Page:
Can We Accurately Detect Cerebral Palsy in Babies?

Children


A new study set out to determine whether a combination of MRIs and other assessments may be able to improve early and accurate diagnosis, as well as early treatment, of cerebral palsy in babies.

Cerebral palsy (CP) is an umbrella term to describe disorders that affect muscle tone, coordination, movement, balance, and posture.  CP is caused by damage to the brain either in utero, during birth, or shortly afterward.  Although not every case of CP has a clear-cut explanation, some common causes of this damage are strokes (bleeding in the brain), infections, asphyxia (lack of sufficient oxygen), prenatal exposure to drugs or alcohol, and head injuries.  A low birth weight, often due to premature birth, can also increase the chances of developing cerebral palsy in babies.

CP is the most common physical disability in childhood (occurring in 1 in 500 live births).  Although clinical signs and symptoms of CP are often apparent very early in life, CP diagnosis typically occurs between the ages of 12-24 months when children fail to meet certain milestones such as turning over, sitting and standing, feeding themselves, speaking, or toilet training.  While CP does not generally affect life expectancy, motor skills can either improve or decline over time depending on how the condition is managed.  As such, for individuals diagnosed with CP, early diagnosis is essential to optimizing motor function and quality of life.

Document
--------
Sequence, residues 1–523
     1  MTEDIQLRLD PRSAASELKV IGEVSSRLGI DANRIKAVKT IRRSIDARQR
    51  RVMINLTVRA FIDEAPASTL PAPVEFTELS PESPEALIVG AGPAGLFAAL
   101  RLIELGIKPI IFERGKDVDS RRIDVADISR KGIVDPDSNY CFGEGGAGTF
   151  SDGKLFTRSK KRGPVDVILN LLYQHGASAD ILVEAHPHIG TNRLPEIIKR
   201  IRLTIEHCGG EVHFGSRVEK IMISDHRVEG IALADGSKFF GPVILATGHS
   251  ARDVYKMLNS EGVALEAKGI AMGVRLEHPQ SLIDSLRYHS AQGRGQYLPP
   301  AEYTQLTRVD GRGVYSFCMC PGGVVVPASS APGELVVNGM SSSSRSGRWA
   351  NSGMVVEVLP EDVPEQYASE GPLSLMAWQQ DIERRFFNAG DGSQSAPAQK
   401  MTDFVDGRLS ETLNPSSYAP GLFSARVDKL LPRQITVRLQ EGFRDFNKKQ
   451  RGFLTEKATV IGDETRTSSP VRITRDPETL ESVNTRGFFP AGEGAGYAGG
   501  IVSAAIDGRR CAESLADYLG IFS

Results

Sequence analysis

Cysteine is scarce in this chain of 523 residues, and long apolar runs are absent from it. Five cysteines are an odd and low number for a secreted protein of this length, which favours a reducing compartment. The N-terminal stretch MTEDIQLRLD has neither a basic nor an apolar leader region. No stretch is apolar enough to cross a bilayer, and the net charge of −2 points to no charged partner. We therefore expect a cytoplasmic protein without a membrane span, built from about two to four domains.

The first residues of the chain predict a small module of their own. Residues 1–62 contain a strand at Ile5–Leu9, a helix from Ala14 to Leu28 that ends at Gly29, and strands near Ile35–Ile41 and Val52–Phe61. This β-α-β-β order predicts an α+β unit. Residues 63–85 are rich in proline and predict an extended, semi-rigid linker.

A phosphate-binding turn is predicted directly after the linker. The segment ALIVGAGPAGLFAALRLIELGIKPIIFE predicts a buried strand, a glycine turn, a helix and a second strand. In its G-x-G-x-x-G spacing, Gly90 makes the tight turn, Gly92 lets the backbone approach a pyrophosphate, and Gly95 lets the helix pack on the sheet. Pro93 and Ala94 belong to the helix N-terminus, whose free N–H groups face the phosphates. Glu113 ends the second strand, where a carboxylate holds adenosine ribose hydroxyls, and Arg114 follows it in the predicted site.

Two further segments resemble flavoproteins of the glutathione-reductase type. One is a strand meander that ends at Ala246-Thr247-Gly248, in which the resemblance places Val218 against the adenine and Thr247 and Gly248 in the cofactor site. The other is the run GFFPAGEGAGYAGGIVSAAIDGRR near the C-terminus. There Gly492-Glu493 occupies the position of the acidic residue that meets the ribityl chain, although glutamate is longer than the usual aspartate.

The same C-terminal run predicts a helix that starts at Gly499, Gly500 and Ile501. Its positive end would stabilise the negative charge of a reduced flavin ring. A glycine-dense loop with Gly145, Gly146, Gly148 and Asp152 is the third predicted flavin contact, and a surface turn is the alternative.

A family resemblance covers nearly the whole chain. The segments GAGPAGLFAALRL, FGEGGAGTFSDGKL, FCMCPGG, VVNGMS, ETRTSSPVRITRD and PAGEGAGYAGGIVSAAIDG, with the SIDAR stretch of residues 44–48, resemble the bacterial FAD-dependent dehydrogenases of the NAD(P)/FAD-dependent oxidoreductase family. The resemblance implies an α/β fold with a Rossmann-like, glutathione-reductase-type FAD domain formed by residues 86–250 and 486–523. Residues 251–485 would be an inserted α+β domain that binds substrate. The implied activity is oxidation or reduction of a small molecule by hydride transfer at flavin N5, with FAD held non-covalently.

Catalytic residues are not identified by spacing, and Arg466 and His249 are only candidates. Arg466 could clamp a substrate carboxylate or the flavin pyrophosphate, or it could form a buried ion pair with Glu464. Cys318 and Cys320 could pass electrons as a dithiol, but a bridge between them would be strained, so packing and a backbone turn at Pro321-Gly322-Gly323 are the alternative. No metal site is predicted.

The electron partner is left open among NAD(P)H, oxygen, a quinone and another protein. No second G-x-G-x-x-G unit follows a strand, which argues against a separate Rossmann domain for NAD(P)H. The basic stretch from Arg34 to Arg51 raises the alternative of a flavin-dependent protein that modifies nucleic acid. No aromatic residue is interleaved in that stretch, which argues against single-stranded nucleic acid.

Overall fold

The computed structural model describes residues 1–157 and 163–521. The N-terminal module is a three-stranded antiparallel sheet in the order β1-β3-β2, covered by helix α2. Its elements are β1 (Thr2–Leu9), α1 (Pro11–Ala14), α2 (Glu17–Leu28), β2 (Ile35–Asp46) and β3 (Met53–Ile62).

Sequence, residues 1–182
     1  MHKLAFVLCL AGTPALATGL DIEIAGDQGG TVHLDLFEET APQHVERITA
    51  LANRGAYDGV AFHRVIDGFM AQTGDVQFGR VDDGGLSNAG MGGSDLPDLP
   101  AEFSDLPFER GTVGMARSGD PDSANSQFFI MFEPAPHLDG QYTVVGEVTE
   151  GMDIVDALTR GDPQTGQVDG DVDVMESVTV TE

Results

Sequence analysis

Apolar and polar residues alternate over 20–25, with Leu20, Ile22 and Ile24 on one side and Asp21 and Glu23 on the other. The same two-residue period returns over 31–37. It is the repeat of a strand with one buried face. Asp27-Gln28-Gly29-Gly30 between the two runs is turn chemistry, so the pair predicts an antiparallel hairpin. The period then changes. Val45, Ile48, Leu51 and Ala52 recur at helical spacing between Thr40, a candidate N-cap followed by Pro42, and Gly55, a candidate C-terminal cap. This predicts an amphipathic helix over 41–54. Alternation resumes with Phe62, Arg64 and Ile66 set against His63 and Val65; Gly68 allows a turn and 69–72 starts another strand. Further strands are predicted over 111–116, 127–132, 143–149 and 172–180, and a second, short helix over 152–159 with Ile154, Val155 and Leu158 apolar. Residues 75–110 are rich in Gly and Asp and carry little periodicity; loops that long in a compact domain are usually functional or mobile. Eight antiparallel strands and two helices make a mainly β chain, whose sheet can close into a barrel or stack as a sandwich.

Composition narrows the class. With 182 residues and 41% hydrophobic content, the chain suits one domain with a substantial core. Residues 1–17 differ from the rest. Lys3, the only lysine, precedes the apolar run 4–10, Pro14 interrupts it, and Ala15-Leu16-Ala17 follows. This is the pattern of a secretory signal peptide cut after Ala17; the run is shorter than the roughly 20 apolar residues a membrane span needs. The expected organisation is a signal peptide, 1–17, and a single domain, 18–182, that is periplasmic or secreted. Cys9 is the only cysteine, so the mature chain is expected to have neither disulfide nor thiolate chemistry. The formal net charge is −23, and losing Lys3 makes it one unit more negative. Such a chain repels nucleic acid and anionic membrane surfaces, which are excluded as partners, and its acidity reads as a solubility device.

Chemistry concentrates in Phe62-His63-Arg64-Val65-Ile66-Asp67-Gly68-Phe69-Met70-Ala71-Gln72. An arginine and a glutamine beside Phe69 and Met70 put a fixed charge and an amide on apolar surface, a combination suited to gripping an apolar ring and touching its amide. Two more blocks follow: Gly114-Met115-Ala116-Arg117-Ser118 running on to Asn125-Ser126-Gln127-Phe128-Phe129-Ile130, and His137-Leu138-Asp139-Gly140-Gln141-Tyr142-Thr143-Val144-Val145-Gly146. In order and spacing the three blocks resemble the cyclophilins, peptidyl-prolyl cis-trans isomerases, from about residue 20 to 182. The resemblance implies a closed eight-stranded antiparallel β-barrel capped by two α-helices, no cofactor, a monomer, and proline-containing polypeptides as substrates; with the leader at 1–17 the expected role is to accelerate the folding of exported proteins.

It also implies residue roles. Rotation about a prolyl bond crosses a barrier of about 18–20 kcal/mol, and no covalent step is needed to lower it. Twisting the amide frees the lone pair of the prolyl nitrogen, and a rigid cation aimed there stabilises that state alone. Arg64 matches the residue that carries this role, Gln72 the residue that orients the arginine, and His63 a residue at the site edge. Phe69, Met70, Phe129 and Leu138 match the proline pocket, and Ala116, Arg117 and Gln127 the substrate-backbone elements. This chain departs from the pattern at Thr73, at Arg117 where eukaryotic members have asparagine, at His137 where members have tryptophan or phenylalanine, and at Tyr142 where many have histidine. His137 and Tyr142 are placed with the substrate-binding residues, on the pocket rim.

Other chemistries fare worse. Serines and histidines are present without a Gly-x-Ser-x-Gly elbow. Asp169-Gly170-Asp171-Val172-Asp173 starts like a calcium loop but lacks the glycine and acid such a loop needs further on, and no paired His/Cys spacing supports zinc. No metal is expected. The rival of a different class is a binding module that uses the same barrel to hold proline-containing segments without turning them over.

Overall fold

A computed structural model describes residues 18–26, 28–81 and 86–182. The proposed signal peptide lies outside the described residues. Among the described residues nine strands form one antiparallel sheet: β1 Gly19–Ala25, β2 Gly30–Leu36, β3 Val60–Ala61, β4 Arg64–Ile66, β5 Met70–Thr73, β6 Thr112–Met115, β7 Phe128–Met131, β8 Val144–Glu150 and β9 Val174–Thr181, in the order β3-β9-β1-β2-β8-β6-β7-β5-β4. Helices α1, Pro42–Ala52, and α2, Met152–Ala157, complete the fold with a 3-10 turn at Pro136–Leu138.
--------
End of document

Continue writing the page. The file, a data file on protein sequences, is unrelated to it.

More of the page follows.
In a recent study published in JAMA Pediatrics, researchers from Australia investigated if an accurate, early diagnosis of cerebral palsy in babies could be made.  They conducted a systematic search of the literature regarding the early diagnosis of CP in MEDLINE (1956-2016), EMBASE (1980-2016), CINAHL (1983-2016), and the Cochrane Library (1988-2016).  Search terms included cerebral palsy, diagnosis, detection, prediction, identification, predictive validity, accuracy, sensitivity, and specificity.  Six systematic reviews and 2 evidence-based clinical guidelines met inclusion criteria.

Based on these studies, they report that the most predictive tools for detecting risk in babies under 5 months of age are:  MRIs (86%-89% sensitivity), the Prechtl Qualitative Assessment of General Movements (98% sensitivity), and the Hammersmith Infant Neurological Examination (90% sensitivity). In babies six months of age or older, the most predictive tools for detecting risk are MRIs (86%- 89% sensitivity), the Hammersmith Infant Neurological Examination (90% sensitivity), and the Developmental Assessment of Young Children (83% C index).

The researchers concluded that when clinicians see early clinical signs and symptoms of cerebral palsy in babies (such as muscle tremors, difficulty sucking or swallowing, or stiff muscles), they should refer them for assessment using the diagnostic tools indicated above.  The prompt referral will allow for earlier therapeutic intervention, optimal infant motor plasticity, fewer secondary complications, and enhanced quality of life for both the infant and their caregivers.

Written by Debra A. Kellen, PhD

Reference:

Novak, Iona, et al. “Early, Accurate Diagnosis and Early Intervention in Cerebral Palsy: Advances in Diagnosis and Treatment.” JAMA Pediatrics (2017). DOI:10.1001/jamapedicatrics/2017.1689



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